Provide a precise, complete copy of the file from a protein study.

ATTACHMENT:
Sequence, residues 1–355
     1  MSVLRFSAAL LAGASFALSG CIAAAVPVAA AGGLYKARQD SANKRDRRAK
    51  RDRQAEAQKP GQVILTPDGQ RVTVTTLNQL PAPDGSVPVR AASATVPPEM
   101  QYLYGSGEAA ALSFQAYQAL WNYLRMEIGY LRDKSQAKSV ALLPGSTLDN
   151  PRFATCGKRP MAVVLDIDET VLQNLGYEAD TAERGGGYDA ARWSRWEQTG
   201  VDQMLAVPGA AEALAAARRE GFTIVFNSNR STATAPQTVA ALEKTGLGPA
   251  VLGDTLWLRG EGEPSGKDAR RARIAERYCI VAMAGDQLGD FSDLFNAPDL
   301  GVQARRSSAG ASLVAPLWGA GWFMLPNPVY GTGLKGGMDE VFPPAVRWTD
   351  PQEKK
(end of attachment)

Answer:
Sequence, residues 1–355
     1  MSVLRFSAAL LAGASFALSG CIAAAVPVAA AGGLYKARQD SANKRDRRAK
    51  RDRQAEAQKP GQVILTPDGQ RVTVTTLNQL PAPDGSVPVR AASATVPPEM
   101  QYLYGSGEAA ALSFQAYQAL WNYLRMEIGY LRDKSQAKSV ALLPGSTLDN
   151  PRFATCGKRP MAVVLDIDET VLQNLGYEAD TAERGGGYDA ARWSRWEQTG
   201  VDQMLAVPGA AEALAAARRE GFTIVFNSNR STATAPQTVA ALEKTGLGPA
   251  VLGDTLWLRG EGEPSGKDAR RARIAERYCI VAMAGDQLGD FSDLFNAPDL
   301  GVQARRSSAG ASLVAPLWGA GWFMLPNPVY GTGLKGGMDE VFPPAVRWTD
   351  PQEKK